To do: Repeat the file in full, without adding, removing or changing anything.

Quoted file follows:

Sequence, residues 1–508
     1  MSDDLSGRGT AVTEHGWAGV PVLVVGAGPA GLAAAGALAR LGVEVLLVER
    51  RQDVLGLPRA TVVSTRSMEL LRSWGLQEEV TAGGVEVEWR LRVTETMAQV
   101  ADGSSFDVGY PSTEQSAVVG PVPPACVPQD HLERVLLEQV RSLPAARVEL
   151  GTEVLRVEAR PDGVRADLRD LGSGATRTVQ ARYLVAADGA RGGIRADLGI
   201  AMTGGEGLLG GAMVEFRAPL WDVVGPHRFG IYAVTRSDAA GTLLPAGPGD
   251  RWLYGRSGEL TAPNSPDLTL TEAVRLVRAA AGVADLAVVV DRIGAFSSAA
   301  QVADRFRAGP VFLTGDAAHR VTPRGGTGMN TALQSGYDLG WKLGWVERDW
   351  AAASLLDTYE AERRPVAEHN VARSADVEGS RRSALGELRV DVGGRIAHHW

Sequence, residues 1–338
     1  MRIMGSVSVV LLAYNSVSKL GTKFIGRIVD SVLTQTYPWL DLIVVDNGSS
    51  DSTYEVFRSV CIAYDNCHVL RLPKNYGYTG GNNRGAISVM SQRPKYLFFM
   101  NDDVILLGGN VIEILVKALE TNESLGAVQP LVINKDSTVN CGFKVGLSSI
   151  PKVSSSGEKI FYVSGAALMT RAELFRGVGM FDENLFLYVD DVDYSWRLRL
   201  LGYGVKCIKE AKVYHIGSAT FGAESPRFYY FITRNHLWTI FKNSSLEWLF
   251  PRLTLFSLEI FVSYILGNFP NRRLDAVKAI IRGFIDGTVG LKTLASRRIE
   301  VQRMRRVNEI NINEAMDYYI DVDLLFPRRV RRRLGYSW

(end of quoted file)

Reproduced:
Sequence, residues 1–508
     1  MSDDLSGRGT AVTEHGWAGV PVLVVGAGPA GLAAAGALAR LGVEVLLVER
    51  RQDVLGLPRA TVVSTRSMEL LRSWGLQEEV TAGGVEVEWR LRVTETMAQV
   101  ADGSSFDVGY PSTEQSAVVG PVPPACVPQD HLERVLLEQV RSLPAARVEL
   151  GTEVLRVEAR PDGVRADLRD LGSGATRTVQ ARYLVAADGA RGGIRADLGI
   201  AMTGGEGLLG GAMVEFRAPL WDVVGPHRFG IYAVTRSDAA GTLLPAGPGD
   251  RWLYGRSGEL TAPNSPDLTL TEAVRLVRAA AGVADLAVVV DRIGAFSSAA
   301  QVADRFRAGP VFLTGDAAHR VTPRGGTGMN TALQSGYDLG WKLGWVERDW
   351  AAASLLDTYE AERRPVAEHN VARSADVEGS RRSALGELRV DVGGRIAHHW

Sequence, residues 1–338
     1  MRIMGSVSVV LLAYNSVSKL GTKFIGRIVD SVLTQTYPWL DLIVVDNGSS
    51  DSTYEVFRSV CIAYDNCHVL RLPKNYGYTG GNNRGAISVM SQRPKYLFFM
   101  NDDVILLGGN VIEILVKALE TNESLGAVQP LVINKDSTVN CGFKVGLSSI
   151  PKVSSSGEKI FYVSGAALMT RAELFRGVGM FDENLFLYVD DVDYSWRLRL
   201  LGYGVKCIKE AKVYHIGSAT FGAESPRFYY FITRNHLWTI FKNSSLEWLF
   251  PRLTLFSLEI FVSYILGNFP NRRLDAVKAI IRGFIDGTVG LKTLASRRIE
   301  VQRMRRVNEI NINEAMDYYI DVDLLFPRRV RRRLGYSW